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Learn from my mistake

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  • Learn from my mistake

    Read so this doesn't happen to you.

    I use a "left" handed cicular saw. I like the blade on the left. Its easier, for me, to see my cut.
    I was cutting mostly 2 X 4's that afternoon. I then needed to rip down some plywood, maybe about 1.5 inches off the edge. I was using the saw guide to keep my cut straight. After beginning the cut,I began to drift away from the plywood. I used my left thumb to help push the saw guide back against the plywood. Well, I momentarilly forgot about the other fingers on my left hand but, quickly remembered as my "bird" finger and ring finger found the blade of the saw. YAHOO!!!
    Luckily, I only required 6 stitches to sew up the battle wounds. Didn't quite get to the bone.
    ...But, I did finish the cut before I went to the hospital.

    2)Don't work when you're too tired to THINK.
    3)Adjust your blade depth for every cut.

    Any other similar stories out there?...or am I the only goofus?
    keep makn\' sawdust!...just don\'t breath any.

  • #2
    Man! I think you win the prize for fastest-injury-to-a-Ridgid-forum-newbie!

    Hope you'll be feeling better, it sounds like it could have been much worst! Thanks for sharing so we don't repeat the same mistakes.

    Good recovery.



    • #3
      Ouch! I did similar - was holding down a piece of thin plastic to trim it under a piece of wood on my table saw. It kicked back, threw the wood, cut my watch band off, and cut 1/8 to 1/4? out of the heel of my left hand. 11 stitches! Praise the Lord no tendons were affected. Have a 1.5 inch scar (welt) and that heel doesn't feel 100% normal - could have been much worse!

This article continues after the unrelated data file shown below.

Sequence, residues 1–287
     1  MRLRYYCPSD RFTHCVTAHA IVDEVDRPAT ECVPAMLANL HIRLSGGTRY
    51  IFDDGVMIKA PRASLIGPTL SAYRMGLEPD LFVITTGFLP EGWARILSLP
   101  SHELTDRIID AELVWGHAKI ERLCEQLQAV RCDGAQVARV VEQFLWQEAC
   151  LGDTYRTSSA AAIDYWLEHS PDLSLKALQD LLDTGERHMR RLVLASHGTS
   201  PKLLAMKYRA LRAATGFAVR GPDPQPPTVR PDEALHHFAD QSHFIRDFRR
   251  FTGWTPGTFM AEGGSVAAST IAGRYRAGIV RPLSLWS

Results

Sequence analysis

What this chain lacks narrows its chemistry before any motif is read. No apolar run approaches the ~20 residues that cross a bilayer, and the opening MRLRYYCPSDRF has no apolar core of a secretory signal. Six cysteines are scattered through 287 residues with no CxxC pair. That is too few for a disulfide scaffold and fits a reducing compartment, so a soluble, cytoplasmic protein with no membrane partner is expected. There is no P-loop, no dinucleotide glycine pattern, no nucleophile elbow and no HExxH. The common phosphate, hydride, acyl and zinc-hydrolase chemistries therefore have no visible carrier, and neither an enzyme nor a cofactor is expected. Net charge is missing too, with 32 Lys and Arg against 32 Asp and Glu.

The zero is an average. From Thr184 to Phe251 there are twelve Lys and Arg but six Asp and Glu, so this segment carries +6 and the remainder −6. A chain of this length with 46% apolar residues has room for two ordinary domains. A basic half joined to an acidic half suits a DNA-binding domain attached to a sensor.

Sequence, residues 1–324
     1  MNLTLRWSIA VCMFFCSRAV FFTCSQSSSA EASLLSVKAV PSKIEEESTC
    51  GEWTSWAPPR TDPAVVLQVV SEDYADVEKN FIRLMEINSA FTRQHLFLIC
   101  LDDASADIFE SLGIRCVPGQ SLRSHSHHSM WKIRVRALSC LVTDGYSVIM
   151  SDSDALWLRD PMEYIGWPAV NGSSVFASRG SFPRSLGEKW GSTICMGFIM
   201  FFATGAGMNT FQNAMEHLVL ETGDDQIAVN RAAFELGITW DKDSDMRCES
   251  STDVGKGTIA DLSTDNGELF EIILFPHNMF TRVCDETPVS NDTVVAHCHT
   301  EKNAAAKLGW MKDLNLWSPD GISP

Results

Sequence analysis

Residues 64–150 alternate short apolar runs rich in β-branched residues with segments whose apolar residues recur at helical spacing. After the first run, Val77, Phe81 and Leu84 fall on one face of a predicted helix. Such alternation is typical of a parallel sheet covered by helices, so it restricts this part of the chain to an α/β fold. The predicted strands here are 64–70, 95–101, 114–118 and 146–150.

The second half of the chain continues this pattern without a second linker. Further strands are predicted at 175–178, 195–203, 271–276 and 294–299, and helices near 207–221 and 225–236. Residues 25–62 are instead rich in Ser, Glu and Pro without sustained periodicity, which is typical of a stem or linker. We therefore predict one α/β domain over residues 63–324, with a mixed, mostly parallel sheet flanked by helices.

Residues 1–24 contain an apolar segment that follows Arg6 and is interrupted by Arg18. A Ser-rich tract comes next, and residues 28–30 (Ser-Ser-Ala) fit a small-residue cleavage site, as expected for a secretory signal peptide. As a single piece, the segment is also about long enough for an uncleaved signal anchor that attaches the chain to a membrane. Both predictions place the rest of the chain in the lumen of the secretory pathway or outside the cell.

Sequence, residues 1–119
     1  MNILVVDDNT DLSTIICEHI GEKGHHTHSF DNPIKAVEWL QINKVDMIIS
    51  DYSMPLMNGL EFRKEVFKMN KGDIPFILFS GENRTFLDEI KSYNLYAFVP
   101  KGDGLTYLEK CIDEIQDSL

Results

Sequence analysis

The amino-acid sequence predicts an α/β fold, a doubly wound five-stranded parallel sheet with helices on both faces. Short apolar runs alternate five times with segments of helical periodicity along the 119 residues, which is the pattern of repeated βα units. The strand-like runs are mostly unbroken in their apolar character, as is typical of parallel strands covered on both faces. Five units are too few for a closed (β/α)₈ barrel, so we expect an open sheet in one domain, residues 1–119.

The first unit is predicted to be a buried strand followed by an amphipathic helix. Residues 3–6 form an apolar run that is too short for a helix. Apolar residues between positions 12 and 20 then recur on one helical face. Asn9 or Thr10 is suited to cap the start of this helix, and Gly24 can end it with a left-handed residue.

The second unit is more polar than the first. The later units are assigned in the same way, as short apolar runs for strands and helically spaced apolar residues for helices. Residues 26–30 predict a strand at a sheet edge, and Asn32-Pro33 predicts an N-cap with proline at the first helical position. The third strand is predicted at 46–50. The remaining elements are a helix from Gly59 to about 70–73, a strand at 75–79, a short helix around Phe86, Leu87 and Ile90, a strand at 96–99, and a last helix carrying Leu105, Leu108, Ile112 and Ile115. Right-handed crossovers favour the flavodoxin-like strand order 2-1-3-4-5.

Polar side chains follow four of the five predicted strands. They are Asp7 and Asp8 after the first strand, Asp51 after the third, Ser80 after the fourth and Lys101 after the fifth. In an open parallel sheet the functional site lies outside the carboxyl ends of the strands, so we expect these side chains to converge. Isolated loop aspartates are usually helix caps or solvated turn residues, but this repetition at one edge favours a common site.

• #4
        had a makita plate jointer that i got rid of after only a few uses. the makita uses a "pressure" bolt to secure the bottom plate. i had only had it a few months and was cutting some slots for a speaker stand. the bolt vibrated loose and the blade was exposed, which i did not realize until my left hand contacted the blade underneath. only lost the very tip of my ring finger but it did chop up a bit more of my hand and hurt like hell. thought maybe i was missing something but all the makitas are (or at least were) made the same way!i contacted makita and they said they were going to look into it. i dont know if they ever did...but i got rid of mine and have not had a problem since


        • #5
          You're definitely not the only goofus here. All of us have made a mistake at one time or another (hopefully, most were very small mistakes).

          I was sanding a piece much too small for a large disc sander. As I pressed the piece into the disc, the sandpaper caught the piece, jerked it out of my hands, and sent it airborn through my 10th Grade woodshop class. My index finger poked the disc straight on, and the sandpaper "grabbed" the skin and jerked it loose, but not off. Basically, the skin on my fingertip was still there but no longer connected all the way underneath back to even with the base of my fingernail. Ever torn a nail into the quick?? Increase that surface area by a factor of about a hundred. Stung like crazy and hurt for a week.


          • #6
            I did about the same thing when I was in high school in shop class. Sanding a small arch on a 12" high speed disc sander. It was very thin, and the equipment very poorly maintained. The disc grabbed the wood, upturned it, and it went between the disc and the table. Leaving the pressure from my fingertips to endulge the full force the 60 grit disc. A quick 1/10 second was all it took to remove about 3/16" from 2 finger tips.

            The following year when I was TAing that same class, I had not yet regained full feeling in those 2 finger tips. And to this day, when in cold weather, they hurt.

            Mistakes; you'll feel them forever. Running in auto pilot is the most careless thing you can do. Plan, and think through the whole procedure. And stay aware of the dangers. KNOW where your body parts are AND the cutters.

            You may have done it a 1000 times, but it only takes one mistake, to forever know it.
            John E. Adams<br /><a href=\"\" target=\"_blank\"></a>


            • #7
              I've learned as well. Here's what I've learned:

              Don't use your fingers to do what a pushstick can do.

              Never lift wood into a drill press bit, keep the wood on the table and pull the drill down.

              A table saw is not a bandsaw. Never "free hand" anything on it, use a fence.

              Miter Saws absolutely require 2 surfaces, a base and a fence. Also never cut small stuff on one. It's not a bandsaw either.

              Finally, apply this logic: IF the wood were to suddenly dissapear, where would your hands go? Because sometimes this happens. (Read -use pushsticks)